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9. The Sabbath Epistle by Abraham Ibn Ezra: Its Purpose and Novelty

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Chapter Summary

In London Ibn Ezra composed Yesod Mora in the summer of 1158; and in the Sabbath Epistle, the topic of the present chapter, the narrator recounts an experience that he had in England in December of that same year. Following the prelude, the Sabbath Epistle consists of a cosmological introduction and three chapters on the beginning of the Jewish year, month, and day, respectively. The originality in the Sabbath Epistle's exegesis is that Ibn Ezra interprets the half-verse 'There was evening, there was morning, day one', as meaning that ' "Day" is the total period of evening and morning'. The crux of the Sabbath Epistle's reasoning structure is an analogy between the day and the solar year in general, and between the Sabbath day and the Sabbatical year in particular. With the Sabbath Epistle, Abraham Ibn Ezra reverted to the issue of the correct start of the Sabbath day.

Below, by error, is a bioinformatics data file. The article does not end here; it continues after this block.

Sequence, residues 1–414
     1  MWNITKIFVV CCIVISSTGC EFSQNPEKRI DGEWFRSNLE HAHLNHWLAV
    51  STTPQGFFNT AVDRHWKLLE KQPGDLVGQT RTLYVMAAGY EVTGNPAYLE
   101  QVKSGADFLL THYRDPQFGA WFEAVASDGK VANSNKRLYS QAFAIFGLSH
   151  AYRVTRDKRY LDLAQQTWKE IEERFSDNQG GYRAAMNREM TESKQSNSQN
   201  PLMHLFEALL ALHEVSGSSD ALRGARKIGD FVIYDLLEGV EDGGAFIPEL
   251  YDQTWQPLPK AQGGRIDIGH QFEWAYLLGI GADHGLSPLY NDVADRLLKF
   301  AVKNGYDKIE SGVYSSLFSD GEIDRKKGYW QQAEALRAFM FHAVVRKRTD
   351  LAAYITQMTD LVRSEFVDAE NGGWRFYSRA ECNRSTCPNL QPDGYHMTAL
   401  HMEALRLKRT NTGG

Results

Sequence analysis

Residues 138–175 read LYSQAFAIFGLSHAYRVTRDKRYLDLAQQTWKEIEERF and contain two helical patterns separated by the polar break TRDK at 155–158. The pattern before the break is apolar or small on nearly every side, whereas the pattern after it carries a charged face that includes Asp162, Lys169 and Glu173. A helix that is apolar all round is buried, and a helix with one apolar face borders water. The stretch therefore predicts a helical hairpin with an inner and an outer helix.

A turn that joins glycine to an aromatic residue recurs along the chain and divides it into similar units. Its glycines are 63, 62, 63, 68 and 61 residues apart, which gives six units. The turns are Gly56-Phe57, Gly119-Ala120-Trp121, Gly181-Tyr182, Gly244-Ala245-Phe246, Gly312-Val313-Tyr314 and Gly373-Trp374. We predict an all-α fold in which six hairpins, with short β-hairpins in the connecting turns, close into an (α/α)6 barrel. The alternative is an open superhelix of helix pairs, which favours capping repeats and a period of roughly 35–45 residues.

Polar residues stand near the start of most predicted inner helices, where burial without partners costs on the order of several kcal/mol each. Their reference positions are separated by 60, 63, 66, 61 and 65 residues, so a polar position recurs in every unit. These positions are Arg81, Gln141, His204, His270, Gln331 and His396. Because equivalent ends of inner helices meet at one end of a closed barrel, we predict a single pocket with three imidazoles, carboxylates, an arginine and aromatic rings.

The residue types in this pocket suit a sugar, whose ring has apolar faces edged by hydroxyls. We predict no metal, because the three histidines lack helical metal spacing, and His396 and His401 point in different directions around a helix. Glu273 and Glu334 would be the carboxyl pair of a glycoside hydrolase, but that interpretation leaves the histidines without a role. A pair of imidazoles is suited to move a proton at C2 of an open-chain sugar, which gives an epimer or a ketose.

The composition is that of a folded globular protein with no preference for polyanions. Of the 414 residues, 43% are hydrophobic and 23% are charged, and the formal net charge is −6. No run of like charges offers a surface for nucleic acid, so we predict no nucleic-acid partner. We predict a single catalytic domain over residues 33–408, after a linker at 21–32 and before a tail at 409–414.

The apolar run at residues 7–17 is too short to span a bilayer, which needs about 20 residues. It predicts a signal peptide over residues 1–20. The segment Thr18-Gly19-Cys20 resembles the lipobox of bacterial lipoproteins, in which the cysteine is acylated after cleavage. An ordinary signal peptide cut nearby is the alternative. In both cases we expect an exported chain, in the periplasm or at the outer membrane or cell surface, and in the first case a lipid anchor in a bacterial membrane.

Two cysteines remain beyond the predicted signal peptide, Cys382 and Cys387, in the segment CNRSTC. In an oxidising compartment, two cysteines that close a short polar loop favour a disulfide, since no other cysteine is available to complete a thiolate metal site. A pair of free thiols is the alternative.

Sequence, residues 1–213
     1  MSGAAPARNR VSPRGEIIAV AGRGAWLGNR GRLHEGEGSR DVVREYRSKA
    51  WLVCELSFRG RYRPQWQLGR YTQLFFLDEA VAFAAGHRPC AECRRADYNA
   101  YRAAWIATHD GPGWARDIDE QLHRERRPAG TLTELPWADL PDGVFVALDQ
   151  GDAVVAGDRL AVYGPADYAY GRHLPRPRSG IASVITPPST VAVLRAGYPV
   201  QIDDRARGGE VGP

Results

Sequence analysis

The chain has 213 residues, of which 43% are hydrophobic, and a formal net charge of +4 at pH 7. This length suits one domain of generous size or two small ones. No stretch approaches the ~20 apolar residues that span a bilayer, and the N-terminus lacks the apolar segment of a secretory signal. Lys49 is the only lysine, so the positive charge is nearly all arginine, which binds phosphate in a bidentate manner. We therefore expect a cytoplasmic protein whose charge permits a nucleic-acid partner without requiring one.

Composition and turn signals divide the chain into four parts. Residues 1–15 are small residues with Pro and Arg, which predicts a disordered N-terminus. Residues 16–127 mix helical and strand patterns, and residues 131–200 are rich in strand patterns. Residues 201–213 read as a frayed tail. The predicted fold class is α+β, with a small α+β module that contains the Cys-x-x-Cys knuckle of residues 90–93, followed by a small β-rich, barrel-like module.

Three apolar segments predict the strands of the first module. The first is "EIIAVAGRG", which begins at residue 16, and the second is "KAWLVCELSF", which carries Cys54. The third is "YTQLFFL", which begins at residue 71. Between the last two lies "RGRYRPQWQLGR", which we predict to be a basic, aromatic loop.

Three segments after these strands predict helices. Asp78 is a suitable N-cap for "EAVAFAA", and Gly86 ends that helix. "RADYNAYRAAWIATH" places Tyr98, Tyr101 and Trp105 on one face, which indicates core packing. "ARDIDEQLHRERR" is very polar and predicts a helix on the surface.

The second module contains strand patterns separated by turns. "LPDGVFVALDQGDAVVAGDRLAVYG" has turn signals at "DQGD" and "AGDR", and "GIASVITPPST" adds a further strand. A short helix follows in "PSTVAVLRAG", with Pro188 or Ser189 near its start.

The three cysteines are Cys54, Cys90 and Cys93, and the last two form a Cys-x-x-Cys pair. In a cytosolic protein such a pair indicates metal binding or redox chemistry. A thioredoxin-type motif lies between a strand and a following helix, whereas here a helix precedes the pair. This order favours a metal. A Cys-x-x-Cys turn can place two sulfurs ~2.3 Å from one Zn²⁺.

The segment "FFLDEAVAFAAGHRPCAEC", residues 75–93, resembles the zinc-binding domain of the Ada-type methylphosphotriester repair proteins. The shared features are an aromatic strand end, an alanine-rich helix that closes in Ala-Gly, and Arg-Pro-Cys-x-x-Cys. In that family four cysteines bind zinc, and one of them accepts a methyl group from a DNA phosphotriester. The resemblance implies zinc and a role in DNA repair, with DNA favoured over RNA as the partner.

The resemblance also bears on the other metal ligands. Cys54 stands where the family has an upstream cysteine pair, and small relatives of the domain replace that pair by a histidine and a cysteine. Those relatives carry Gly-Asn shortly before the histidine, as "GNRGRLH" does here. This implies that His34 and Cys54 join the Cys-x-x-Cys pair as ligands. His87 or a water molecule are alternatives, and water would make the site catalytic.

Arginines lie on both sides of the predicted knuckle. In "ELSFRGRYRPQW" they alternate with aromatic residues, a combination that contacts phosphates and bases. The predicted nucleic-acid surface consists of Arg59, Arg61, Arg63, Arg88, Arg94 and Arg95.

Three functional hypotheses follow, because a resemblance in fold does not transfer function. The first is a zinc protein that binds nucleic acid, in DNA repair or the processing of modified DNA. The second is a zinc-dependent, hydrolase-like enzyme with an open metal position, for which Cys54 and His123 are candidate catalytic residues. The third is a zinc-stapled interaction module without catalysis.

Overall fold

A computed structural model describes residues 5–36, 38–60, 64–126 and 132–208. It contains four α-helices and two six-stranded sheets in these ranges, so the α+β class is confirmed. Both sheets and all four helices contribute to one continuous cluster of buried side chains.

Keywords: Abraham Ibn Ezra; Sabbath day; Sabbath Epistle; Sabbatical year



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